The most important marketing skill
This past week I listened to Mitch Joel on his podcast Six Pixels of Separation, I heard him
interview Peter Coughter who is an
expert on presentations and the art of the pitch. It reminded me of a long-held belief of mine that if I
could only have one marketing skill, it would be the ability to present complex
information in a clear, crisp public presentation.
Here are seven pieces of advice that I share with colleagues before they present in public and that I use when I get a chance to present in front of a crowd.
- Tell a story, don’t
present the phone book. We remember
stories that resonate with us but it is difficult to retain facts. Think of
your opportunity in front of a group to help them remember just a few key ideas
attached to a well-developed story line.
- PowerPoint is not the
enemy. I use PowerPoint but I use it to have images that illustrate my
story or theme. I don’t pack it with words and numbers. Each slide should only
have one idea or thought. Think of it like
a children’s book with pictures and few words. No this isn't patronizing to
people, it allows you to entertain and educate people in one conversation.
- Group Presentations –
don’t show your hand. When you go to
a play, you don’t see an actor say, “and now my colleague will present to you
how things will change in the next scene”.
If a few people are presenting, you don’t have to do this uncomfortable
hand off. Just pass the clicker, and say
nothing. If you have a story and one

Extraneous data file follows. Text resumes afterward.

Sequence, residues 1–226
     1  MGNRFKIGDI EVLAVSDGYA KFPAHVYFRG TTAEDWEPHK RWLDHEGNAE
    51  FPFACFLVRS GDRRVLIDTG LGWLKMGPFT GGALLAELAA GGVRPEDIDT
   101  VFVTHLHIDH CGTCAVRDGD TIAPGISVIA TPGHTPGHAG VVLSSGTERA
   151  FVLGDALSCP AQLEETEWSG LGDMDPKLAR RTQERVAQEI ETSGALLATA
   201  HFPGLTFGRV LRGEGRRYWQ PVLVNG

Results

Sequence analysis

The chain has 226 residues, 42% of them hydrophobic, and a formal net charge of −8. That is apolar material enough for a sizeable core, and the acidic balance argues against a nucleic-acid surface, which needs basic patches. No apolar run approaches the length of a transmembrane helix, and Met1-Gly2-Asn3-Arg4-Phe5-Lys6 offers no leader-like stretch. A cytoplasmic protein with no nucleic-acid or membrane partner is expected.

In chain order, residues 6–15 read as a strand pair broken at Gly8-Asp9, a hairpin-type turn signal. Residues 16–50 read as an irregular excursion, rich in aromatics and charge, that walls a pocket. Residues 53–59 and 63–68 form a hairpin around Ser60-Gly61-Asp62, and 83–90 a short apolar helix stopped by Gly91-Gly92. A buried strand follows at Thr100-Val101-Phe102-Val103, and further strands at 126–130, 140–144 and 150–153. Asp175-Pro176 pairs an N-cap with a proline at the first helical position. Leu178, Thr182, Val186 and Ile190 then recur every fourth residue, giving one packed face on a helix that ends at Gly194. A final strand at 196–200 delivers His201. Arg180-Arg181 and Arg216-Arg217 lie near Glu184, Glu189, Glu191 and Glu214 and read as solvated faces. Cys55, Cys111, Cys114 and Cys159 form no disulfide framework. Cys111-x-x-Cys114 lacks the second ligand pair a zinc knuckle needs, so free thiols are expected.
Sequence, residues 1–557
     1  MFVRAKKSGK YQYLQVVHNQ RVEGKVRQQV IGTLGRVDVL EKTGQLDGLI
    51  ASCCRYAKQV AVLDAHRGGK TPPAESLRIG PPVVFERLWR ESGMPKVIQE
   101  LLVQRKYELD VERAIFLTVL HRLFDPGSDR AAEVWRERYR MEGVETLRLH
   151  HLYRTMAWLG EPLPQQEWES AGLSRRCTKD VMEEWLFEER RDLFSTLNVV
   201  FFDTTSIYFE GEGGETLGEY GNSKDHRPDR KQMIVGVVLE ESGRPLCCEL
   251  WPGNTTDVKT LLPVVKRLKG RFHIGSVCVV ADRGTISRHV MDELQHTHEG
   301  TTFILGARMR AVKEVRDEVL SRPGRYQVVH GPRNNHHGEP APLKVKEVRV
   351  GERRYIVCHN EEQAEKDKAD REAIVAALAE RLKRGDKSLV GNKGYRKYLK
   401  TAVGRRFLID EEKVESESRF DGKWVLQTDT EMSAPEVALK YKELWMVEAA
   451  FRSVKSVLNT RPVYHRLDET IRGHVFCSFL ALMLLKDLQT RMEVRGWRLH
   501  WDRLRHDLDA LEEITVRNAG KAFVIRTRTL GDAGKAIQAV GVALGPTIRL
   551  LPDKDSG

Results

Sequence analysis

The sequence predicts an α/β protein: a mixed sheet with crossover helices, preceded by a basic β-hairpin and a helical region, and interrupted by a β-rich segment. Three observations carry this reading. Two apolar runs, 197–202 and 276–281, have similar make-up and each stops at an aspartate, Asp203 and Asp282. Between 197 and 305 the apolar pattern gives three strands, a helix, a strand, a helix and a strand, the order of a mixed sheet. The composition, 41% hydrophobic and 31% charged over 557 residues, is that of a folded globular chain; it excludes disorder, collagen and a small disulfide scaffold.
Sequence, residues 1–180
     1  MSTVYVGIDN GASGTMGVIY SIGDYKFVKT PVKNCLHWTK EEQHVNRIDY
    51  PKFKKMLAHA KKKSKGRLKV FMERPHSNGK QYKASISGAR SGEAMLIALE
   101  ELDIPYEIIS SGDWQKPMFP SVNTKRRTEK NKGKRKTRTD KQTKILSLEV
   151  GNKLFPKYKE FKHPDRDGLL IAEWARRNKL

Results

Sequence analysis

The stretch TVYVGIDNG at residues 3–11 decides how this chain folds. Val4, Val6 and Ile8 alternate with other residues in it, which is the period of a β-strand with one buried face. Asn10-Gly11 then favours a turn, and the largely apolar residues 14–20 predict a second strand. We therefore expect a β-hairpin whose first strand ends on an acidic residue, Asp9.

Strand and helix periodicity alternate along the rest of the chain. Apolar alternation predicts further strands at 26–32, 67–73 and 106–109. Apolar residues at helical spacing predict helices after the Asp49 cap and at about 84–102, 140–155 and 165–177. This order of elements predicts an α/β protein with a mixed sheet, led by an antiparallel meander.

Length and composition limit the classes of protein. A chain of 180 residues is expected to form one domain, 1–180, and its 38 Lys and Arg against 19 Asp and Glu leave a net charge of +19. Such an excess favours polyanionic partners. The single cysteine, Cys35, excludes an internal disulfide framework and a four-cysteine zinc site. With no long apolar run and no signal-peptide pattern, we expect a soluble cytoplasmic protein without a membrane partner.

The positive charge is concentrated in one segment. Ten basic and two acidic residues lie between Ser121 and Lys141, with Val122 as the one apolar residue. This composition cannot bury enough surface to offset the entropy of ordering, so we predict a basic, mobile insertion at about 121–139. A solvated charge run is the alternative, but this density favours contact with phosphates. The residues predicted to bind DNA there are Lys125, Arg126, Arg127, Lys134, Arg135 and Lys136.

person introduces the beginning, someone else the middle and another person the
end, it doesn’t need you telling the audience that Sue will know speak about
the tactics. Do, don’t say.
- Handout facts,
present themes. If it is so
important that your audience walks away with data, give it to them or post it
somewhere. Don’t expect a packed house to be able to digest tables of charts.
You should present insights and synthesis not files of data. As Mitch said in
his podcast, please don’t tell me you are going to do a “deep dive”. It so
trite, it makes my bones aches. Stick to the story and point them to the data
dump. Academics and scientists also want to be entertained. You can discuss deeply technical matters in a clear and easy to digest speech. (see #6)
- Energy matters.
Presentations that suck are usually made worse by uninspiring presenters. If
you can’t be upbeat about your material, don’t get up in front of others and
turn them off. Get someone who can bring a room to life, make the information
digestible and communicate your key message. There is a fine line between being
too energetic and almost inhuman. I like to listen to upbeat, smart people
speak. If you need help, see point #6.
- Watch a few TED Talks
to see all of this in action. Bring to life your themes and your stories
and watch a few pros do it well. Talks with over one million hits are probably
the best place to start. Not all of us can be brilliant on stage – but most of
us can learn from watching others perform at a peak performance.
- It is okay to be
nervous. That is human. It is vital
to know your stuff so that you don’t have to rely on the notes or reading from
your slides. Make sure you practice in
front of a few people to help you fine tune your story. Test your presentation in front of people who
don’t know the subject matter and LISTEN to their comments without feeling
threatened. An audience understands nervousness but is less forgiving when someone is slick and seems arrogant and above it all.
Mama, don't take my Kodachrome away...
If I had to give up all the marketing skills I have learned in my
career, but could retain just one, it would be all that I have learned presenting
in front of an audience. Be a story teller and act like a human being not a robot. It is my favorite and the most important of all marketing skills.
Now, get out there and tell your story.
Labels: Marketing Moments, Mitch Joel, Peter Coughter, PowerPoint, presentations, Six Pixels of Separation, story telling